SACO, Maine – JPMorgan Chase CEO Jamie Dimon sat in a tent outside the local branch here Thursday, listening to employee feedback on the bank’s operations in Maine, with temperatures in the 90’s.
Employees were just as blunt as the outspoken Dimon, who is known for walking into a branch and talking to a customer or brushing off an employee in the office and getting feedback.
The head of the country’s largest bank learned how to improve his business during his first visit to the Saco branch.
“I learned a bunch of things that we don’t do particularly well,” he said. “I heard a terrible story, and we are dealing with it now.”
Dimon traveled to Maine on an annual bus tour with other managers to visit local branches and interact with employees. Part of the trip was to announce the bank’s expansion into New England, including adding two branches to the existing four in Maine by 2025.
The first is planned for Yarmouth in 2024 and the location of the second has not been announced. It already has branches in Saco, Portland, Falmouth and Westbrook.
Dressed casually in jeans and a blue polo shirt, Dimon said it was important for management to visit employees and listen to them, whether it was a check that took too long to settle or a a customer waiting too long.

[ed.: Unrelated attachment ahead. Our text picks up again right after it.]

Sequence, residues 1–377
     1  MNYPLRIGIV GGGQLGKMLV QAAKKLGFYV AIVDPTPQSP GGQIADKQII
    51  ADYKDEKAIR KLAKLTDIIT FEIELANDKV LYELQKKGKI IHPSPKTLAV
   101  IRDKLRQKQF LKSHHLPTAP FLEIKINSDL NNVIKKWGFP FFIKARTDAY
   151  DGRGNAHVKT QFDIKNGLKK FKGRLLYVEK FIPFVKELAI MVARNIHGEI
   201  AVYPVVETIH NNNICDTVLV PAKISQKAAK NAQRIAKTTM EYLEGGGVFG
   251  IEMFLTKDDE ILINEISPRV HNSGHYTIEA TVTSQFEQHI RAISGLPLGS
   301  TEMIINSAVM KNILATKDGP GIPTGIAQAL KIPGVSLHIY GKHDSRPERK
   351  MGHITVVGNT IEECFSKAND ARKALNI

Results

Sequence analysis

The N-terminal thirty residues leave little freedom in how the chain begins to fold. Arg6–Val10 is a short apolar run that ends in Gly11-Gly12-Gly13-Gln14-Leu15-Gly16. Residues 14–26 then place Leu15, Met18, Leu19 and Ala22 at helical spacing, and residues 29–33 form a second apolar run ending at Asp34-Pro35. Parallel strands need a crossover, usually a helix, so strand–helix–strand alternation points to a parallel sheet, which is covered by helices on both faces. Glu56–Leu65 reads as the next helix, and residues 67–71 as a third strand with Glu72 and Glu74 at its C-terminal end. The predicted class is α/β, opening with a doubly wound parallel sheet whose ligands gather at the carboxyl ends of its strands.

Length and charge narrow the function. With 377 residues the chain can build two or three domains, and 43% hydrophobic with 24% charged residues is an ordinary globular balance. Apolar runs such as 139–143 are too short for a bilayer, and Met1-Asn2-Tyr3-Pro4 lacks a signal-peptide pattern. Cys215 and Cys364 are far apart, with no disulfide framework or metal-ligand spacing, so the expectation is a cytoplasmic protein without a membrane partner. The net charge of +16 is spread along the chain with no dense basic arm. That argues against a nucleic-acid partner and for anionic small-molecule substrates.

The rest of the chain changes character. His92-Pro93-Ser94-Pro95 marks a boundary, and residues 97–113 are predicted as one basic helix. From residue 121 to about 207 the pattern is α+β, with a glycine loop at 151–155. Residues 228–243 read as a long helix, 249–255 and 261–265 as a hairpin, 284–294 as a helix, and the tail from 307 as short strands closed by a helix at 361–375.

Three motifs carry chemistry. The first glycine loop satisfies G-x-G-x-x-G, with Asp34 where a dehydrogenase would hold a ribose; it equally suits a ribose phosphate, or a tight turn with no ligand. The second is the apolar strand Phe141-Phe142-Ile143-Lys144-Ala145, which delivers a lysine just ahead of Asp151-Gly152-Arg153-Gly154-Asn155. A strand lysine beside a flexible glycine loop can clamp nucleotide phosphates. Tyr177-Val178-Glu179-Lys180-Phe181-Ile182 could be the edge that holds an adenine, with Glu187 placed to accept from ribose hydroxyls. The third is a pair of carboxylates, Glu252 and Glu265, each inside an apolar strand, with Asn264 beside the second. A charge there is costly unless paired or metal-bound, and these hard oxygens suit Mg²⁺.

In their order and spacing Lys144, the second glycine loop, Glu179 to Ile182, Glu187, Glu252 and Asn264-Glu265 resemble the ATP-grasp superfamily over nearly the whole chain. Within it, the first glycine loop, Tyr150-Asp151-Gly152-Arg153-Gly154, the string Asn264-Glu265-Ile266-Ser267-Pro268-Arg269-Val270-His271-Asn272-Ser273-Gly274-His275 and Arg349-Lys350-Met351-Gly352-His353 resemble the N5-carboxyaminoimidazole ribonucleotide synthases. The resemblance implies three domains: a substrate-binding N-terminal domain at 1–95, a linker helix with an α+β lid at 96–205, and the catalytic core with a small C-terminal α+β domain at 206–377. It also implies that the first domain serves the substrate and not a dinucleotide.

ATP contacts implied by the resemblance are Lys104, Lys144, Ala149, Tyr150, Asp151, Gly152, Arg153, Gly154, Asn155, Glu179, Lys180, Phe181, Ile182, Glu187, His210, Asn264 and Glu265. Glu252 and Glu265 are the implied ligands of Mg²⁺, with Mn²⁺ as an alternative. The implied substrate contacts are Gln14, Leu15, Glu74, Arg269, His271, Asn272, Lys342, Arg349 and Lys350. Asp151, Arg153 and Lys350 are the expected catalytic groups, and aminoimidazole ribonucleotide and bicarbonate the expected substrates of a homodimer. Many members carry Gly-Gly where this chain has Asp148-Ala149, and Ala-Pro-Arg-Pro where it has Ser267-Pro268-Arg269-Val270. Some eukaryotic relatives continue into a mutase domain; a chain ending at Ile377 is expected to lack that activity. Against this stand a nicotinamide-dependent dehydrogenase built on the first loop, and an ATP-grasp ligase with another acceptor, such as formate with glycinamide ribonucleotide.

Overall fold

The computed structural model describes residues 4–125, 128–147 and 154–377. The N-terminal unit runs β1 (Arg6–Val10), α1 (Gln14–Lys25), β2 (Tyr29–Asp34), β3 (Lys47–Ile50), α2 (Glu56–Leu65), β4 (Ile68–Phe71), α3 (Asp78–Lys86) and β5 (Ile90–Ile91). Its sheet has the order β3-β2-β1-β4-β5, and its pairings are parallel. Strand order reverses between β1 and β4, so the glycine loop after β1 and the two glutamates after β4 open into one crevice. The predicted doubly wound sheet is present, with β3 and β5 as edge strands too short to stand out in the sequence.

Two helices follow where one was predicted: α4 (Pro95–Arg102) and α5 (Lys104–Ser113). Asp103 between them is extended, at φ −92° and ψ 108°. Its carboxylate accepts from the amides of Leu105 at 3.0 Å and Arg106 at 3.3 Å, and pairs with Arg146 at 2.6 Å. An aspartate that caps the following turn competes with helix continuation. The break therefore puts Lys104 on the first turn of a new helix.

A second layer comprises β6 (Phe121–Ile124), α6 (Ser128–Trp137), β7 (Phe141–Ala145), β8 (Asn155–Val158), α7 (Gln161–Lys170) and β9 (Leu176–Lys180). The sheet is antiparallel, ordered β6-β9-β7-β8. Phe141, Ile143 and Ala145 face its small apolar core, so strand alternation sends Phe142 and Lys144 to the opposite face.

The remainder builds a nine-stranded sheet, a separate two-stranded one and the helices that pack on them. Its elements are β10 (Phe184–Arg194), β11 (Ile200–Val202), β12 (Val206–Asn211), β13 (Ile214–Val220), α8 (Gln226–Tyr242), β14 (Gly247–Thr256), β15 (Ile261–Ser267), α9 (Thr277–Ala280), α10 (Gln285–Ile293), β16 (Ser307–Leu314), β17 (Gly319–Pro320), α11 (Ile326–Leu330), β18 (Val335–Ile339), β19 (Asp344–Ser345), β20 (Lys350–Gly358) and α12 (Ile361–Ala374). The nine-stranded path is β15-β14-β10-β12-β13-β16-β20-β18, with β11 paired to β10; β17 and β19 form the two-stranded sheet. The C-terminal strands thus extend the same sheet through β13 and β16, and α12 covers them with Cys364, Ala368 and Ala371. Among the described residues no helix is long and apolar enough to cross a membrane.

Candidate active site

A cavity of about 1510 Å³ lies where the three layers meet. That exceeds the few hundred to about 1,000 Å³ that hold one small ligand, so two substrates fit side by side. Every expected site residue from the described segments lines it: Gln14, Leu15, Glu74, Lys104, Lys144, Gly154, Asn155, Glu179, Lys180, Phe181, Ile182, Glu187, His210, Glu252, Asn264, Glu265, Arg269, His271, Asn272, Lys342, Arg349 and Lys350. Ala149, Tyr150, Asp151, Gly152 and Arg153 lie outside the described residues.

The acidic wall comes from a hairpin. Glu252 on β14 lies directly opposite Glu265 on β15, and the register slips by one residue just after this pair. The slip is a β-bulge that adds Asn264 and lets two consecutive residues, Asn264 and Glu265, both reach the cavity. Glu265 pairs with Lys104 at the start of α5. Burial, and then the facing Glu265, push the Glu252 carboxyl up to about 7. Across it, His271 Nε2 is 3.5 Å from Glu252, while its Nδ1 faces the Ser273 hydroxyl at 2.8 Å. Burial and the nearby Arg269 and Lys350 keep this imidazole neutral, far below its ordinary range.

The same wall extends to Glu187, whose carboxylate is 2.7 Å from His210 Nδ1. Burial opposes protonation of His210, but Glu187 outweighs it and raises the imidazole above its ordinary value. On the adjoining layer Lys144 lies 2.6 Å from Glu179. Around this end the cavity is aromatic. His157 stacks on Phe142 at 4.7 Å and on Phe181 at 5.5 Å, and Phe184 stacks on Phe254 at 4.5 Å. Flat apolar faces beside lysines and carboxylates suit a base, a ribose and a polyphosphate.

“We’re going to find out what happened and then we’re going to fix things,” said Dimon, a New York native who spent the morning walking around Portland’s Old Harbor and called it “very cute”.
It was the kind of one-on-one you might not expect from the leader of a global company with 250,000 employees. But that kind of personal interaction is where Dimon says he finds ideas for improving operations and what has given him his reputation as an influential and stellar manager.
The famous New York-based bank entered Maine four years ago, but it already has 200,000 retail customers, nearly 7,000 business customers, four branches and eight ATMs. It also has 11 branches in Massachusetts, five in Rhode Island, four in New Hampshire and two in Vermont.
With $3.74 trillion in assets in 2021, it is far larger than Maine’s two largest banks, with Bangor Savings Bank having $6.18 billion in assets and Camden National Bank having 5.5 billions of dollars.
The bank can compete with its digital products, credit cards already in use by Mainers and its ability to support businesses expanding overseas, said Doug Petno, JPMorgan’s commercial banking chief executive.
“We have a wide range of solutions that can give customers peace of mind,” he said.
Peace of mind is also important to Dimon. He has been described as “the toughest guy on Wall Street” and “America’s least hated banker”, the latter by The New York Times praising his leadership in keeping the bank profitable and continuing to offer credit during the Great Recession.
Dimon sees himself more as a Ted Lasso-type manager, referencing the Apple TV show about an American football manager hired to manage a British football team who uses optimism and determination to fill his knowledge gap.
“I really want my legacy to be that I made the world a better place while I was here, and that’s it,” Dimon said. “These people trusted me and respected me and I did my best and left everything on the pitch.”